# Is it possible create crystalline solvate of electrons?

Okay, I know that this reads ridiculous insane, but one can obtain solvated electrons by adding sodium metal to liquid ammonia solution.

The chemical reaction as written in my inorganic chemistry textbook is this:

$$\ce{Na + x NH3 -> Na+ + e(NH3)_x-}$$

A metallic sheen is observed, and it supposed to have an absorption band at about $1500\ \mathrm{nm}$ that expands into the range of visible light corresponding to the solvated electrons.

These electrons can be react with alkynes as very powerful reducing agents to to remove an H from a C joined by a triple bond, also liberating hydrogen gas as such. This occurs in the solution made by an alkali metal, not from pure extracted electrons

$$\ce{RC#CH + e- -> RC#C- + 1/2 H2}$$

So I was wondering if pure electrons can be solvated in ammonia, if anyone could think of any means by which these electrons could be extracted from the layer, still solvated by ammonia, and some reaction chemistry could be used to trap electrons in a carbon cage in the form of a solid? It is already known that potassium can be electrostatically trapped in valinomycin between the carbonyl groups of valinomycin.

While it may be different small molecules have been trapped in fullerenes. If electrons could be solidified via extracting them from the metallic layer in the proposed reaction, and interacting them with a "host molecule" in host-guest chemistry, do you think that these materials would be highly conductive. It seems to me that captured electrons would have a much different chemistry than simply metals like copper which shed electrons when a current runs through them. Perhaps if these electrons could be absorbed into carbon nanotubes, then the conductivity of nanotubes would increase significantly and these electron complexes may be significantly more powerful computationally than silicon chips.

Here is an experiment by the University of Nottingham scientists showing the solvation of electrons: https://www.youtube.com/watch?v=tYjQXjUUvwY

What do you think about this? Any ideas?

• Coulombic charge repulsion should make captured, solid electrons impossible. – BiggChemT Nov 9 '16 at 3:04
• Electrostatic repulsion is the main problem. For the same reason it would be impossible to obtain in bulk quantities some highly radioactive elements that undergo beta decay. – vapid Nov 9 '16 at 7:58
• It seems you're asking about solid electrides. These are very real and very interesting materials. – Nicolau Saker Neto Nov 9 '16 at 11:59
• Here's another very useful resource for electrides ch.imperial.ac.uk/rzepa/blog/?p=14272 from Prof Rzepa ... his blog is well worth studying. – user1945827 Apr 14 '17 at 7:47
• @NicolauSakerNeto I think that would make for an interesting answer. – Tyberius Oct 6 '17 at 16:54

## 1 Answer

At first I would like to advise you reading about electrides, which were mentioned in the comments. Secondly I won't write about electrides because the links given in the comments are much better at explaining them. So I am going to be a little bit abstract with this question.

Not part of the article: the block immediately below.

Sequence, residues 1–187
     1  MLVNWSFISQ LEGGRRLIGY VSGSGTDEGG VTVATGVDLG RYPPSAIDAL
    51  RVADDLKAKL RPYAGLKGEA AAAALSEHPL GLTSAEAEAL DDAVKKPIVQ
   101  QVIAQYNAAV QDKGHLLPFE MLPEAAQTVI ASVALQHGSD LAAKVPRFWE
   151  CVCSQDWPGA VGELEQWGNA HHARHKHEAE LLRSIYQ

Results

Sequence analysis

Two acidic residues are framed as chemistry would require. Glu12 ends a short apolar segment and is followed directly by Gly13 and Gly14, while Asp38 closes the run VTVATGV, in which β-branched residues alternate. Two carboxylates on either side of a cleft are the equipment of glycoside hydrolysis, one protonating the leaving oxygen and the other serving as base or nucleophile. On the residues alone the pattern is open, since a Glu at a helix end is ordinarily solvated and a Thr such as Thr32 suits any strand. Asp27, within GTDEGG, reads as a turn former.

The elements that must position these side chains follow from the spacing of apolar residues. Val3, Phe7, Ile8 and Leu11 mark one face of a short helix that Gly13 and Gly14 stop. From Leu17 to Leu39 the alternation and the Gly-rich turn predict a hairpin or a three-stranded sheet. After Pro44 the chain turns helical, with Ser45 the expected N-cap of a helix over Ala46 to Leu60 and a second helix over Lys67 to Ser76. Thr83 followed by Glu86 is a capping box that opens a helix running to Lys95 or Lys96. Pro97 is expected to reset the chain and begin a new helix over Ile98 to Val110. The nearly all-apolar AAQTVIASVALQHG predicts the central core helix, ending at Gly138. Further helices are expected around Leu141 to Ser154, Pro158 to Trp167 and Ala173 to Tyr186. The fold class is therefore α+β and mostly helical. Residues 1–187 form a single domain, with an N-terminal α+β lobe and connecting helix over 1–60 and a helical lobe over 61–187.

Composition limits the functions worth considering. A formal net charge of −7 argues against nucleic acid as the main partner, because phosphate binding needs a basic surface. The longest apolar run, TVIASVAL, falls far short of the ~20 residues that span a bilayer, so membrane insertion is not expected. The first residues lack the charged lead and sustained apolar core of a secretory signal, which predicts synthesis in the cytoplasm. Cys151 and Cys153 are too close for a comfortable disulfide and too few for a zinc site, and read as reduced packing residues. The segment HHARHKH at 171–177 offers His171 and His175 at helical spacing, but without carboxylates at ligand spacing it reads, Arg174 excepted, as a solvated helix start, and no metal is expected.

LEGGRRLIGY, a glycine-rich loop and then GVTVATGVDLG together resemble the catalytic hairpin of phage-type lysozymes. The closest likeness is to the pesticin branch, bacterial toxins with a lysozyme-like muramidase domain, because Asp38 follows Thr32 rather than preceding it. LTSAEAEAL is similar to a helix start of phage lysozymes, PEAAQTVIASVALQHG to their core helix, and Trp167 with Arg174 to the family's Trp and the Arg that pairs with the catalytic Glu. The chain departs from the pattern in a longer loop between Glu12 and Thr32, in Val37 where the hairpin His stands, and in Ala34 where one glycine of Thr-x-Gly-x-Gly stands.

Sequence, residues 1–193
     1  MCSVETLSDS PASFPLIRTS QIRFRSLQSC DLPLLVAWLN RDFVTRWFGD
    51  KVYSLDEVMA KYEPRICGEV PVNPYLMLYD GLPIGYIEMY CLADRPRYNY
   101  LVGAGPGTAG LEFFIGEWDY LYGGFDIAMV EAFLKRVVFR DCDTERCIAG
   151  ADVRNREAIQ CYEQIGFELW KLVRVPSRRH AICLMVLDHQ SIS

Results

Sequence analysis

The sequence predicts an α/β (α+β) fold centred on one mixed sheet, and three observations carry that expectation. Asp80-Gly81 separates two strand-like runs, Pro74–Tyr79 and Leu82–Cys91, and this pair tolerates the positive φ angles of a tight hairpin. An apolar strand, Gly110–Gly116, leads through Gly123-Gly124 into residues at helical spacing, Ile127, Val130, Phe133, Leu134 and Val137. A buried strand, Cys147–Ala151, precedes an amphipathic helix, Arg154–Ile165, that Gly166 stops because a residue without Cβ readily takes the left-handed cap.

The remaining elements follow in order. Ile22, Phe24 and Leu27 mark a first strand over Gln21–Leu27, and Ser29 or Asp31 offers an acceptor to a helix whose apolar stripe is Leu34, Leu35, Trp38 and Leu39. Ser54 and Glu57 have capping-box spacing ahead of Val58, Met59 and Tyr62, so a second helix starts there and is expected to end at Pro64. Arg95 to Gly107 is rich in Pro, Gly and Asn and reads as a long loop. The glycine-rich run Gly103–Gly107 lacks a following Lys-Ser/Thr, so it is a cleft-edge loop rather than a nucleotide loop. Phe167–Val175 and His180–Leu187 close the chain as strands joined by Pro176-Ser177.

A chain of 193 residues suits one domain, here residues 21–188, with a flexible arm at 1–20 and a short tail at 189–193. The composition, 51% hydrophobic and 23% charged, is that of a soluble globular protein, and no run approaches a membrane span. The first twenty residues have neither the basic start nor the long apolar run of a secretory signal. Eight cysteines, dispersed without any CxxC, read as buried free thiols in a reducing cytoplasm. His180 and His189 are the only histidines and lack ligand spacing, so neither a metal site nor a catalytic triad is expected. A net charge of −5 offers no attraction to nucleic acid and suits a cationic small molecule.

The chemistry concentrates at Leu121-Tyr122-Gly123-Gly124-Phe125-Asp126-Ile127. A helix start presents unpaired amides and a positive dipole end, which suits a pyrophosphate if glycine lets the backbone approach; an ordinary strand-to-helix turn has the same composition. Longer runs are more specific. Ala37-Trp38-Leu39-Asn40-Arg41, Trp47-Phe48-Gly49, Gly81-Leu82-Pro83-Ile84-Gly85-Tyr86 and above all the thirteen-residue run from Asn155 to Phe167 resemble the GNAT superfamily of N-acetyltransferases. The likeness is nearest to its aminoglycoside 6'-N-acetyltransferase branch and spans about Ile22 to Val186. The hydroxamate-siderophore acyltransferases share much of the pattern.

The first problem which you will come through is Coulomb's law: $$\mathbf F=\frac{1}{4\pi \epsilon_{0}}\frac{Q_{1}Q_{2}}{|\mathbf r|^{2}}\frac{\mathbf r}{|\mathbf r|}$$ If you could somehow prepare even $0.01$ moles of electrons, they would be attracted to the ions which they were separated from very strongly even from kilometers away. The second problem is that electrons can't be simply trapped into any substance because of their wavelike nature and they would tend to "stay" in a localised or in a delocalised state in the molecoules. And here comes the two main things which are preventing such things to exist:
1. Charge distribution
If a conducting body is charged, the charge tends to build up on the edges, and in your situation the repulsive force between the electrons would be so huge, they would "kick" each other off on the edges of the pieces of the substance so it would loose it's electrons.An interesting phenomena such substance would have: Let's suppose the substance containing the electrons is a liquid. All the electrons would be located on the surface of the liquid because of the faraday effect.When the surface of the liquid is disturbed waves appear on it's surface. Let's suppose the electrons somehow can't be kicked off from the surface. Then there would always be electric current in the liquid because the elecrons would always try to get to the most sharp edge on the surface and the liquid would generate extremely complex magnetic fields because of the currents flowing on the surface of the liquid (I am so excited about the idea of such a liquid, I am so sad I have no idea how it would be possible to make it)
2. Quantum mechanics
The band gap determines if a substance is an insulator or a semiconductor or a conductor. And adding more electrons to something doesn't modify the band gaps. Like if I charge a plastic rod with electrons it won't become a conductor. But there is an alternative solution. If you dope the substance it can modify the band gap energy and it can be more conductive but you can't simply trap electrons in something (F-centers are a completely different story). Imagine irradiating carbon nanotubes with electrons. I wouldn't suspect it becoming more conducting .
Anyway the best source for pure electrons is an electron gun
If you want to deepen your knowledge about the nature of electrons and conductivity I advise you learning some solid-state physics, quantum mechanics and electromagnetism.(None of them is a light weekend program)